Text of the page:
Ford "Flexes" The Truth In Releases About New Crossover
Ford issued a press release earlier this week whose title in the email string screams “FORD FLEX’S DESIGN HELPS CUT DRY CLEANING BILLS”. The release declares that the new Flex crossover is “the world’s first trouser- and dress-friendly vehicle.” They even provided photos of peoples’ clean legs stepping in to a dirty Flex.
The press release goes on to describe that the Flex team engineered a concealed rocker panel into the new vehicle. Ford designers stretched the width of the Flex to wrap around the sill, bringing the step-in area inboard for much easier access by passengers. In combination with the hidden rocker, the Flex door was designed to wrap under the sill, effectively sealing out the elements. With some dry cleaners charging as much as $10 to launder a pair of slacks, the practical Flex design has an immediate and tangible benefit. Really, the Ford press release discusses dry cleaning prices. And now I am.
“The clever design minimizes your clothes’ exposure to the elements. There’s no sill area where dirt usually collects.” said Rich Gresens, Flex chief designer. “We approached the Flex design with one idea in mind: create a vehicle that appeals to customers wanting an exciting alternative people mover. Hidden rockers, refrigerators and tailored leather interiors are just a few examples of how we deliver.”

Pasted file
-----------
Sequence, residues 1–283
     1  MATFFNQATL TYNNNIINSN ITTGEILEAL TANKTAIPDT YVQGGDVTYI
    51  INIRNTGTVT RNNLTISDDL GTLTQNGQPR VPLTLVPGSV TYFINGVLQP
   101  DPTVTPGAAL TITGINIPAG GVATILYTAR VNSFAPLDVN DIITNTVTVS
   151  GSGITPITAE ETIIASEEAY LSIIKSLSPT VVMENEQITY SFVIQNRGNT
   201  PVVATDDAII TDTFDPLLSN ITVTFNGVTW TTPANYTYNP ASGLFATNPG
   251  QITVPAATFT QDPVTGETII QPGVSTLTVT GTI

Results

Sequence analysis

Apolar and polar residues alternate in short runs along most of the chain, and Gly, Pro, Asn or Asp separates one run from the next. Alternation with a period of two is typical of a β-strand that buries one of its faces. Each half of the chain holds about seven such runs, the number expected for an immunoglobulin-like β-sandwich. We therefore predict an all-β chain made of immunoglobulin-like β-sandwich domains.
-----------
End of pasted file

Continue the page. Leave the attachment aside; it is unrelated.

Such a design is quite clever indeed. And perhaps it is an industry first for crossover vehicles, or even for domestic vehicles of any kind. But “world’s first” is simply untrue, and is where Ford has crossed the line of fact in touting its crossover.
I don’t know what the world’s first vehicle with protected rockers was. But I know that one such vehicle is parked in my garage, and it was introduced almost three decades ago. The original Saab 900, manufactured between 1979 and 1994, has rocker panels which are concealed by the door, a feature which was pointed out in the car’s sales brochures. It was one of the many unique features of Saab’s long-serving first-generation 900 when it was introduced. It really does keep pant legs from getting dirty. It’s a great idea.
So while Ford may feel their boxy Flex is the best, most innovative and stylish vehicle ever introduced, they ought to check their facts before claiming a “world’s first” design feature. And then they should show some respect to the Saab 900.
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